Riverfront Times
Close

The Best Things to Do in St. Louis, August 30 to September 5

Paul Friswold Aug 30, 2018 6:00 AM
MATT JAMES
The Gateway Cup features four days of competitive bike races in four neighborhoods, with a twist of Lime on Saturday.

This is it, the three-day weekend we've been waiting for since the Fourth of July went by in a blur of hot dogs, beer and small explosions (both black-powder powered and hot-dog powered, thankyouverymuch). Will you while away your extra day on the couch, or will you get out and partake of the weekend's various festivals? Choose wisely, friends.

1. Four Plays; Audience Wanted
Stray Dog Theatre is currently between seasons, but the company's New Works Laboratory is just getting started. As part of Stray Dog's outreach mission, the company solicits and presents new plays every year for its Short Play Festival. The plays are performed for free in front of a live audience, which is then asked to respond honestly to what they've seen. Their feedback is crucial for the playwrights; if something doesn't work, or needs further development, this is how they learn about it. And if the play is pretty much ready to go as is, the writers will be happy to know that, too. This year's Short Play Festival takes place at 8 p.m. Thursday through Saturday (August 30 to September 1) at the Tower Grove Abbey (2336 Tennessee Avenue; www.straydogtheatre.org). Karen Saari's "Joyland" and Alyssa Ward's "Life Ever After" are the first act, and "Lights in the Sky" by Courtney Taylor and "MARGE" by Lawrence E. Mooney comprise the second. All four plays will be performed each night. Admission is free, but reservations are recommended.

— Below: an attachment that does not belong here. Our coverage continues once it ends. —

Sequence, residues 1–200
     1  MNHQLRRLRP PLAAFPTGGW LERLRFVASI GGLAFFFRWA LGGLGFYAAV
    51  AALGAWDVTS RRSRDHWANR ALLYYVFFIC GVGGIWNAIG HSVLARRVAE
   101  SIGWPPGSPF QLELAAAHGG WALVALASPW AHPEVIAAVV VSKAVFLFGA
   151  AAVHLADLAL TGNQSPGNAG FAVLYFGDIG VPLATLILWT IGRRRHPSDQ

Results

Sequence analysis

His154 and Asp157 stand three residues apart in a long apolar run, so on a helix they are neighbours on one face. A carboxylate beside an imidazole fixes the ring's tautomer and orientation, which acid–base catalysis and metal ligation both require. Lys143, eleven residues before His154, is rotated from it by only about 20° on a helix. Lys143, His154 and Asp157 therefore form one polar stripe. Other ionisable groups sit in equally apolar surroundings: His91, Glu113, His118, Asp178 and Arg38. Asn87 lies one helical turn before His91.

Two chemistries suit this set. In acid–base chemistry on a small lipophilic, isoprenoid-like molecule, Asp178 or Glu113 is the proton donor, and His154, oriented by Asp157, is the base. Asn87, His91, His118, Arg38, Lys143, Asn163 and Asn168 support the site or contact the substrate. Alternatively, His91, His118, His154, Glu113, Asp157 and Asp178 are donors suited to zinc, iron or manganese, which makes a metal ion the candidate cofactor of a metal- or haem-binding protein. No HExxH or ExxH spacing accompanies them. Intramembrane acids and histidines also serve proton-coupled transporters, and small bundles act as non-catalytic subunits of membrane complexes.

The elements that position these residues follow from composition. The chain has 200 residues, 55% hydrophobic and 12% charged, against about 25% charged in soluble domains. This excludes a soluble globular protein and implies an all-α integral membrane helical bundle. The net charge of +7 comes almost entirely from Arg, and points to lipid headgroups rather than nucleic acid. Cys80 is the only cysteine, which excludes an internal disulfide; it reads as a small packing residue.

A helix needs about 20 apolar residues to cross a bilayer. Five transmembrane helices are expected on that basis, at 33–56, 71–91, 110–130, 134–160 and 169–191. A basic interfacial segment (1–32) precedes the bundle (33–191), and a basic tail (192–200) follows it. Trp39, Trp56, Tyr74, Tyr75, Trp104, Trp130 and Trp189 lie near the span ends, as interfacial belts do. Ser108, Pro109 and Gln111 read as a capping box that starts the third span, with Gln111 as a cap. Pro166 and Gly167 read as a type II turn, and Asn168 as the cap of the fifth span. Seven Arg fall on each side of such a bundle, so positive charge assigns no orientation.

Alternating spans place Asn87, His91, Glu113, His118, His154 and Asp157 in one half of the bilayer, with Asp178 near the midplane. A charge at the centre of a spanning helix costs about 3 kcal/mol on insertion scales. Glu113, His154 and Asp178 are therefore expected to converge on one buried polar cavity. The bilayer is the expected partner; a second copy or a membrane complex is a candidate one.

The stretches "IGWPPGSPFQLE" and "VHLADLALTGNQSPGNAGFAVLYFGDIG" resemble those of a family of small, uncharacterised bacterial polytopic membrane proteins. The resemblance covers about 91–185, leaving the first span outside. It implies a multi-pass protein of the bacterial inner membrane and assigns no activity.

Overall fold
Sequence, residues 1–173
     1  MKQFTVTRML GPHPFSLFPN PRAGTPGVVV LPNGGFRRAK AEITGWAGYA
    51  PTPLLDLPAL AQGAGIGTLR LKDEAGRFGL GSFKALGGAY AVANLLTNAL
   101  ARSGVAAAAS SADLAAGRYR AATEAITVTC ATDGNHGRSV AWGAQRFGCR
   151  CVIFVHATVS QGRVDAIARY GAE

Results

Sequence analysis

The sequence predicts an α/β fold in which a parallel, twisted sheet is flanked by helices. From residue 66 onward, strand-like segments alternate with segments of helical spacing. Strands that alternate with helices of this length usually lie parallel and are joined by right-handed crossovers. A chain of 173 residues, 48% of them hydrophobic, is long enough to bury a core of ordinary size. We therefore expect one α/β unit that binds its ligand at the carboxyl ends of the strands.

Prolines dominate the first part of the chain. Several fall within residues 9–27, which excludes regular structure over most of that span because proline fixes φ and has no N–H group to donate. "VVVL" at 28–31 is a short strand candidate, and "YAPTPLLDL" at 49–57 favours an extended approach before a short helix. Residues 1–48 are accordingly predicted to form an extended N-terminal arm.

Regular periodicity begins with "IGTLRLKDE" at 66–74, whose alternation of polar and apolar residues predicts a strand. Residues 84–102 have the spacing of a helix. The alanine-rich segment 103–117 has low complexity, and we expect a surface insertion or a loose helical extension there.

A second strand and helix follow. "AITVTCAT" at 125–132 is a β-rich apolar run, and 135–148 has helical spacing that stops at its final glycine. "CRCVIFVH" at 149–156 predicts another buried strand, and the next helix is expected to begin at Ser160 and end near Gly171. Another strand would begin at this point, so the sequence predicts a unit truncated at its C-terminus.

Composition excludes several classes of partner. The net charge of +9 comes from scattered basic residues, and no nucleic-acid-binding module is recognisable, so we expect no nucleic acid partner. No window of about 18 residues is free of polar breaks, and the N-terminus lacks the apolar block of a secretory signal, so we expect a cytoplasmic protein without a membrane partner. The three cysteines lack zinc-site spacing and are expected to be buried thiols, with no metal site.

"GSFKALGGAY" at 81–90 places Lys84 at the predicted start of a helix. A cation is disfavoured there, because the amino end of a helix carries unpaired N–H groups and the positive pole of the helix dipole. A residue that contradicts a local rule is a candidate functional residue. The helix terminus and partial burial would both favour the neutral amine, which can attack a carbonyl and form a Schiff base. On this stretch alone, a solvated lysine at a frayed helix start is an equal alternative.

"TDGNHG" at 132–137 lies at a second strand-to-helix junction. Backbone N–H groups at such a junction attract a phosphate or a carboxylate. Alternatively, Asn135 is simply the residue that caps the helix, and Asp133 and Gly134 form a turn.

2. Into the Underground
The ancient Egyptians possessed a rich and shifting mythology that saw old gods become associated with new ideas as their civilization aged. Osiris went from being exclusively a deity for the wealthy to one who was worshiped by all. He represented the seasonal cycles, rebirth and the flooding of the Nile as well as eternal afterlife and the underworld. It's fitting, then, that this month's SLAM Underground at the Saint Louis Art Museum (1 Fine Arts Drive; www.slam.org) is all about the mysteries of Osiris, ruler of the underworld. Guests can enjoy signature cocktails while making art and enjoying music and games that relate to the vast cult of Osiris. SLAM Underground takes place from 7 to 10 p.m. Friday, August 31, and admission is free.


LISA DELORENZO/MISSOURI BOTANICAL GARDEN
Missouri Botanical Garden's Japanese Festival returns with old favorites and new surprises.

3. It's Big in Missouri
Japan is a long plane flight from St. Louis, but the next best thing to a visit might be the Missouri Botanical Garden's Japanese Festival. The three-day celebration of both high and low Japanese culture features traditional food, tea ceremonies and martial-arts demonstrations, as well as folk dance and storytellers, classical Japanese court music and the thunderous sound of Taiko drums. Of special note are the Chindon Japan All-Stars, a combination marching band/mobile theatrical company. Chindon originated as a form of advertising, with the company literally drumming up business. The All-Stars will lead pop-up processions through the garden all weekend. This year's fest takes place from 10 a.m. to 8 p.m. Saturday and Sunday and 10 a.m. to 5 p.m. Monday (September 1 to 3) at the Missouri Botanical Garden (4344 Shaw Boulevard; www.mobot.org). Tickets are $7 to $15.

4. Love in Action